The Wizard's Toolkit Encipher Command-line Utility
The encipher command-line utility converts plaintext to ciphertext.
We list a few examples of the encipher command here to illustrate its usefulness and ease of use. To get started, lets encrypt a text file:
encipher -verbose README.txt README.cip
The attributes are displayed and looks like this:
Filename: README.cip Cipher: type: AES mode: CTR nonce: 85b5546f57c760620000000000000000 Authenticate: method: Secret Key: hash: SHA256 length: 512 session: b69f10215a7b65043faa45443017a8fccacecdd04073d1b9895bdd3a5eb8ace1 Entropy Generator: type: BZip level: 6 Keyed-Hashed Message Authentication Code: hash: SHA256 Random Generator: hash: SHA256 Chunksize: 8kb Dates: modify: 2009-01-19T20:41:19-05:00 create: 2009-01-23T15:10:47-05:00 timestamp: 2009-01-23T15:13:44-05:00 Protocol: 1.0 Version: WizardsToolkit 1.0.6 01/23/08 http://www.wizards-toolkit.org
Here Bob enciphers a message destinated for Alice. To restore the message content, Alice must know the secret key and also have a copy of Bob's private keyring:
encipher -keyring ./keyring.xdm message.txt secret-message.cip
To ensure your ciphertext is not easily revealed, the encipher program takes these precautions:
If your command line does not include the -passphrase filename option, the passphrase is interactively requested and has a maximum length of 4096 characters and symbols. The phrase can be virtually unlimited if obtained from a file. Try to make your passphrases long and unpredictable.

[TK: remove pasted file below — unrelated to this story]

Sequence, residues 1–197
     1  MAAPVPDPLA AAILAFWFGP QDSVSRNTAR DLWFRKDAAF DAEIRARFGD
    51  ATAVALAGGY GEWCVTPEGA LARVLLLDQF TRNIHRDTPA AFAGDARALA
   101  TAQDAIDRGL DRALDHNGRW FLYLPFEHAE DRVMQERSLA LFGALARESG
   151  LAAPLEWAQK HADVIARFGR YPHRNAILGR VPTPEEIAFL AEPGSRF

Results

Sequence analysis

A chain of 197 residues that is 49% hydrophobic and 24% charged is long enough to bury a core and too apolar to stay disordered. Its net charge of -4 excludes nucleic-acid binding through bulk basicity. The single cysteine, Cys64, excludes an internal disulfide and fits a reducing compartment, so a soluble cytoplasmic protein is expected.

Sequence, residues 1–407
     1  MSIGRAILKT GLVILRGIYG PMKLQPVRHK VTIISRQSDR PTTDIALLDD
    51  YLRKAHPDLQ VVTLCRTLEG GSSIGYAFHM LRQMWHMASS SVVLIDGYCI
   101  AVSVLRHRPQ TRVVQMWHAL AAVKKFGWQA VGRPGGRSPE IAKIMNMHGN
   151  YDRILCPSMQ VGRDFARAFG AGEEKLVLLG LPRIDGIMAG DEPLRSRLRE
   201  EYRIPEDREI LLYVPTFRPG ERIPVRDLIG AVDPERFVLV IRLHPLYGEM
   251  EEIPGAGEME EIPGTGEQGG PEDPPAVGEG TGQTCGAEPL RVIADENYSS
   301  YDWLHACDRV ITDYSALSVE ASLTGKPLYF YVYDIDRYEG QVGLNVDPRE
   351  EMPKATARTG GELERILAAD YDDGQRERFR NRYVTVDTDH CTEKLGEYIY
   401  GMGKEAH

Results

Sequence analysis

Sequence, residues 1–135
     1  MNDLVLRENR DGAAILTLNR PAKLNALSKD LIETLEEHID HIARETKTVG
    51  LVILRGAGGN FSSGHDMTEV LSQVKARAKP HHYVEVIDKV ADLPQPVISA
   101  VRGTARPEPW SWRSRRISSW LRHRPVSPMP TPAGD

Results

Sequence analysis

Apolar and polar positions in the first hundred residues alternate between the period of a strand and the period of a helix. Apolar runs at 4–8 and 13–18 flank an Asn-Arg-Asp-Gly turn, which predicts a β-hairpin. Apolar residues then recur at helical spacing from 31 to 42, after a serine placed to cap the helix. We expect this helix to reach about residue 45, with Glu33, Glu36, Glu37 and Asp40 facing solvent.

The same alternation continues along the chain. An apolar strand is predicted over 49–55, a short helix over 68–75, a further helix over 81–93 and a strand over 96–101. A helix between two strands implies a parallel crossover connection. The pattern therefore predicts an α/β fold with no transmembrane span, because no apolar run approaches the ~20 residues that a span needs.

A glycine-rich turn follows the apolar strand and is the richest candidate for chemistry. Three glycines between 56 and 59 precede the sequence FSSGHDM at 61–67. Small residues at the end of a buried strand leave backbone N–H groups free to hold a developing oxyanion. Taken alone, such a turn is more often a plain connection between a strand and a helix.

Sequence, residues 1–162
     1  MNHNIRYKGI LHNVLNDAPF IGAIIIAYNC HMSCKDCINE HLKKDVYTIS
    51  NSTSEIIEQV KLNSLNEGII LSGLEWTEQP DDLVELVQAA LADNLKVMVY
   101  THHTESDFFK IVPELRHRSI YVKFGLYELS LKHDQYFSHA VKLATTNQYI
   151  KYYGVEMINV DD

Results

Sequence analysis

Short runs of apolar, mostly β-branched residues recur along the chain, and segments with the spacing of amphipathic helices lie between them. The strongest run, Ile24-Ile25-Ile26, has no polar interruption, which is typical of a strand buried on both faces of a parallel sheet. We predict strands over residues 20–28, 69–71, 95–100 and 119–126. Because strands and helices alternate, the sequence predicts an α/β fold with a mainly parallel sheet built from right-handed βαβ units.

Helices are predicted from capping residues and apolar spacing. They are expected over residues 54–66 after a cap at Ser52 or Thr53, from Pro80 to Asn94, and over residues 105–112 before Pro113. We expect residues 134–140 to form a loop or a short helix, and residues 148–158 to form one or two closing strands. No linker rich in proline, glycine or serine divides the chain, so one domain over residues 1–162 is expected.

Your secret key is stored in a private keyring. If you lose your keyring, it is impossible to restore your original message content.
If the encipher program appears to halt it may be waiting for your system to generate entropy. Move your mouse or press keystrokes in another window. Once enough entropy is generated, the encipher program will complete.
If simple mistakes are made, an exception message is displayed. For example if you use '-cpher' instead of '-cipher', cipher complains. However, if anything goes wrong inside the cipher engine, the program exits with a simple status code. This precaution is to prevent information leaks about the encipher process.
The encipher command recognizes these options. Click on an option to get more details about how that option works.
|-authenticate method||authenticate with this method: Secret or Public|
|-chunksize bytes||number of bytes in a chunk|
|-cipher type||cipher to encrypt content|
|-debug events||display copious debugging information|
|-(de)compress||automagically (de)compress BZIP and ZIP files|
|-entropy type||increase content entropy|
|-help||print program options|
|-hmac hash||ensure message integrity with this hash|
|-key hash||strengthen the key with this hash|
|-key-length value||cipher key length in bits: 256, 512, 1024, or 2048|
|-keyring filename||get private key from this keyring|
|-level value||entropy level: 1 (less entropy) to 9 (more entropy)|
|-list type||print a list of supported option arguments|
|-log format||format of debugging information|
|-mode type||mode of encryption|
|-passphrase filename||get the passphrase from this file|
|-properties filename||cipher properties to/from this file|
|-random hash||strengthen random data with this hash|
|-true-random||strengthen enciphering with true random numbers|
|-verbose||print detailed information about the secure content|
|-version||print version information|